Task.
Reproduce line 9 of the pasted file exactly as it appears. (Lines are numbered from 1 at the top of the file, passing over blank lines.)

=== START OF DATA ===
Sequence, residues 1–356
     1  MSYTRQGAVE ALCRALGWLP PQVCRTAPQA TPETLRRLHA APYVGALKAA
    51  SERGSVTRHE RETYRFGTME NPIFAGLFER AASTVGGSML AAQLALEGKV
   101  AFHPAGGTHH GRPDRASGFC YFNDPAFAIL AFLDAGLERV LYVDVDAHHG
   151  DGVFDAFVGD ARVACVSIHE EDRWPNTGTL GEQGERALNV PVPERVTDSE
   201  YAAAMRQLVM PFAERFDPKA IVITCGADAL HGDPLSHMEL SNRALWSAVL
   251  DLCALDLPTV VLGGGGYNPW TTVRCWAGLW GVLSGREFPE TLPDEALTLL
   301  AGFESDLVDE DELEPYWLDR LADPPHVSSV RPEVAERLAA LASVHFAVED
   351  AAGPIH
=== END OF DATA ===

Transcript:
   351  AAGPIH